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The Hydrography of Mexico By A Leading Swiss Scientist

Rare separately published map of the Valley of Mexico, the so-called Anahuac Plateau and its eastern slopes, published to accompany Henri de Saussure's 1862 Coup d'oeil sur l'hydrologie du Mexique, published in Geneva.

The map extends from Tampico just south of Veracruz, and includes Mexico City, providing a fine topographical overview of the region

The map includes details of the highlands in the region of South East Mexico with elevations shown by hachure marks. Includes the names of cities and villages.

The map includes three inset views: the of elevation of Vera Cruz, the inactive volcano Iztaccíhuatl and the active volcano of Popocatépetl, and lastly the inactive volcanoes Sierra Negra and Citaltepetl (Pico de Orizaba).

Saussure visited Mexico in 1855-1856 and later published a remarkable book, Coup d'oeil sur I'hydrologie du Mexique in 1862. as noted in The Compass Follows the Flag": The French Scientific Mission to Mexico, 1864-1867

The Swiss naturalist Henri de Saussure praised Humboldt publicly but criticized his work privately. Saussure visited Mexico in 1855-1856 and later published a remarkable book, Coup d'oeil sur I'hydrologie du Mexique (1862), whose title belies the breadth of the actual coverage. In 1856 in a letter to his brother Theodore from Veracruz, Henri de Saussure projected five books on Mexico, including one that would redress Humboldt's errors. All Mexican statistics are false, said Saussure, beginning with those of Humboldt. Saussure thought that it was impossible to have correct data in a country that had no proper administrative apparatus to collect them . . . He claimed that Humboldt missed some noteworthy volcanic features in the vicinity of Mt. Orizaba. . . . To his aunt, Saussure passed on the following gossip about Humboldt: contrary to what Europeans had heard, Humboldt did not really work very hard in Mexico. He spent a tranquil half-year in a "charming place with a certain countess from Mexico City," while half a dozen men ran around the country collecting data of varying degrees of accuracy that Humboldt accepted as genuine.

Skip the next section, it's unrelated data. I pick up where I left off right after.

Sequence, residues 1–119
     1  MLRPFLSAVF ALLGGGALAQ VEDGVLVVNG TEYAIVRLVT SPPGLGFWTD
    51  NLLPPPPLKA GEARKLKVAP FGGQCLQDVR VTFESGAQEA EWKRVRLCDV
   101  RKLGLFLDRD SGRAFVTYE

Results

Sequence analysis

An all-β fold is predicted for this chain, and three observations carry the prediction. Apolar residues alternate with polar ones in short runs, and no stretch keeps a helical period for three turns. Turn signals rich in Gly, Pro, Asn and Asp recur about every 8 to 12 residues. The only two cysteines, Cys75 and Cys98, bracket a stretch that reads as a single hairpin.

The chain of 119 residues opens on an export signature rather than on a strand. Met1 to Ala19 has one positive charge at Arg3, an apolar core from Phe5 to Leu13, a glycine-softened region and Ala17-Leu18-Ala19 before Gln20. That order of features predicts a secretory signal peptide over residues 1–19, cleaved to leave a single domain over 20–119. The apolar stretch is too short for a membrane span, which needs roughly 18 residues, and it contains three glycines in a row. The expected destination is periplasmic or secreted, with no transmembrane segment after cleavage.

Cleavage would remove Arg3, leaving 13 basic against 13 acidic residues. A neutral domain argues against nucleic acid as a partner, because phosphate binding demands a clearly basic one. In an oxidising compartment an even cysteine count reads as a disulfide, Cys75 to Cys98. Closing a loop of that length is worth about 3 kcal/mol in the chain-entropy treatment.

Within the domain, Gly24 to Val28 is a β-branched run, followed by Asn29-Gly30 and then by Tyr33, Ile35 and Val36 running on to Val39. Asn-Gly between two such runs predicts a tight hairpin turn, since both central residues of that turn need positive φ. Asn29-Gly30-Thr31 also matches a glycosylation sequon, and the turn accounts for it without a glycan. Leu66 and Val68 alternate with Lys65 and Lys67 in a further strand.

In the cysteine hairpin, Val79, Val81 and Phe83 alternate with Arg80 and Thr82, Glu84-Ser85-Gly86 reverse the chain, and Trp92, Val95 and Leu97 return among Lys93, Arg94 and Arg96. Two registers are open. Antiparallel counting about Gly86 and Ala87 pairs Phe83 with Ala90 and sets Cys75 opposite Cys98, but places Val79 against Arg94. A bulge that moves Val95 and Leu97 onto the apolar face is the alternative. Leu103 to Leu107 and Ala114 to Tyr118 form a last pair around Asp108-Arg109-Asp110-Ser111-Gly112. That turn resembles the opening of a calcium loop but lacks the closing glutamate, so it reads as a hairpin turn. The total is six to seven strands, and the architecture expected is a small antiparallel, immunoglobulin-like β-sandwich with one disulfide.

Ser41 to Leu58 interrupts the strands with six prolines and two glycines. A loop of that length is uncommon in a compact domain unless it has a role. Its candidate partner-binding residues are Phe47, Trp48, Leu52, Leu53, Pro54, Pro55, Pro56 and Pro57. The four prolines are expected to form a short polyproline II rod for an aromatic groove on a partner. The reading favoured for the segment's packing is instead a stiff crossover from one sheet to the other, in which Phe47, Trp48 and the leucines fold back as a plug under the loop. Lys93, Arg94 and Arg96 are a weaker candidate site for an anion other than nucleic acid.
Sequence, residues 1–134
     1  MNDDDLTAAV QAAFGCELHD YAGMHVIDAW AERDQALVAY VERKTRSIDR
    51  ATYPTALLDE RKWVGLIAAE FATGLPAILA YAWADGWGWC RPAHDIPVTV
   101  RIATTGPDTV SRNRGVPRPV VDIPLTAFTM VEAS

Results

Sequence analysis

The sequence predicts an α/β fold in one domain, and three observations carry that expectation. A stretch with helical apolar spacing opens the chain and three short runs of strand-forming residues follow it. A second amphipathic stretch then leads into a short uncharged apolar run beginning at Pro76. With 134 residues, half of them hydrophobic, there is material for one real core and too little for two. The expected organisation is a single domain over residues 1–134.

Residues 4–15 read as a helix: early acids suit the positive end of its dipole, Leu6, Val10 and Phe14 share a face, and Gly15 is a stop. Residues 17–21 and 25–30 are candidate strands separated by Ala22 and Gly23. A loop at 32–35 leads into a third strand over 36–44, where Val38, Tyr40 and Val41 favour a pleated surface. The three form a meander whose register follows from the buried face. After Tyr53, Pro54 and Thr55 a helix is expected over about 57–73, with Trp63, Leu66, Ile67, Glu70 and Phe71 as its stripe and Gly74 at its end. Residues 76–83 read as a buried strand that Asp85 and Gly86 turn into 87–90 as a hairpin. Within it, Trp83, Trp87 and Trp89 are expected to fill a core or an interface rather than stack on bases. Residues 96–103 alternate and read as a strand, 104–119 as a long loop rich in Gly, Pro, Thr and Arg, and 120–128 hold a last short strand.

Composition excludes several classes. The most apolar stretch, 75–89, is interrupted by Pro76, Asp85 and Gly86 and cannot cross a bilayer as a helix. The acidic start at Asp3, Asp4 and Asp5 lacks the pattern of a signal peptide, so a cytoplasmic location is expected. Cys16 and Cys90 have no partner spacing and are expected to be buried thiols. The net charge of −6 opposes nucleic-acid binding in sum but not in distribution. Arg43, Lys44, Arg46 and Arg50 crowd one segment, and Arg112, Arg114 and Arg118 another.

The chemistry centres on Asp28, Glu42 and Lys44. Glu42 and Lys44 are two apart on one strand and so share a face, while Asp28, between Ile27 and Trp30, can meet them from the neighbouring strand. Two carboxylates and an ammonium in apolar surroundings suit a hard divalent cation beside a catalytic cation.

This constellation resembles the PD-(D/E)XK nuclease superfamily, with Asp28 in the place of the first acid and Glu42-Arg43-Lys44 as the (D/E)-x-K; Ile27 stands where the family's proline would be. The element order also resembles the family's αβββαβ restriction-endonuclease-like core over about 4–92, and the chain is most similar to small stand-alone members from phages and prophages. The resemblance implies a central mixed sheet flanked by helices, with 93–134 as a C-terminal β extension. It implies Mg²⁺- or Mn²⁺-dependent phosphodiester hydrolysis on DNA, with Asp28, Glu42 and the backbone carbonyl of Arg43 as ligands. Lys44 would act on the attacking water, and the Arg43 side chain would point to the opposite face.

Like Humboldt, Saussure was anxious to scale high peaks in Mexico, an activity that nineteenth-century Europeans believed essential for geographers but Mexicans found quite incomprehensible. Whereas Humboldt praised the Mexican people and the splendor of their landscapes, especially the mountains, Saussure denigrated both. He said that tropical nature is admittedly beautiful but cannot compare with his native Switzerland.  . .

Like many European travelers, Saussure was frustrated in his attempts to visit many parts of Mexico because of "the perpetual revolution". During the 1860s Saussure spoke out against French military involvement in Mexico but praised the scientific efforts. He served as a corresponding member of the Commission scientifique du Mexique and wrote the Commission reports on insects that were published in 1870 and 1872.

Condition Description
Segmented and laid on linen, with original covers.
Dunbar, The Compass Follows the Flag": The French Scientific Mission to Mexico, 1864-1867; Annals of the Association of American Geographers , Jun., 1988, Vol. 78, No. 2
(Jun., 1988), pp. 229-240
Henri Louis Frédéric de Saussure Biography

Henri Louis Frédéric de Saussure (1829-1905) was a Swiss mineralogist, entomologist and taxonomist.

Saussure's elementary education was at Alphonse Briquet's then, as an adolescent, at the Hofwyl school run by Philipp Emanuel von Fellenberg. At the University of Geneva he was taught by François Jules Pictet de la Rive, who introduced him to entomology. After several years of study in Paris he received the degree of licentiate of the Faculty of Paris and obtained the degree of Doctor from the University of Giessen.

He worked mainly on Hymenoptera and Orthoptera. His first paper, in 1852, was on solitary wasps.

In 1854 he traveled to the West Indies, then to Mexico and the United States of America. There he met Louis Agassiz.

He returned to Switzerland in 1856 with collections of American insects, myriapods, crustaceans, birds and mammals. Also interested in geography, geology and ethnology, he co-founded the Geographical Society of Geneva in 1858.

He was also a member of the managing committee of the Natural History Museum of Geneva, ensuring that its collections of Hymenoptera and Orthoptera became one of the best in the world. In 1872 he was made an Honorary Fellow of the Entomological Society of London. In 1873, he was elected as a member to the American Philosophical Society.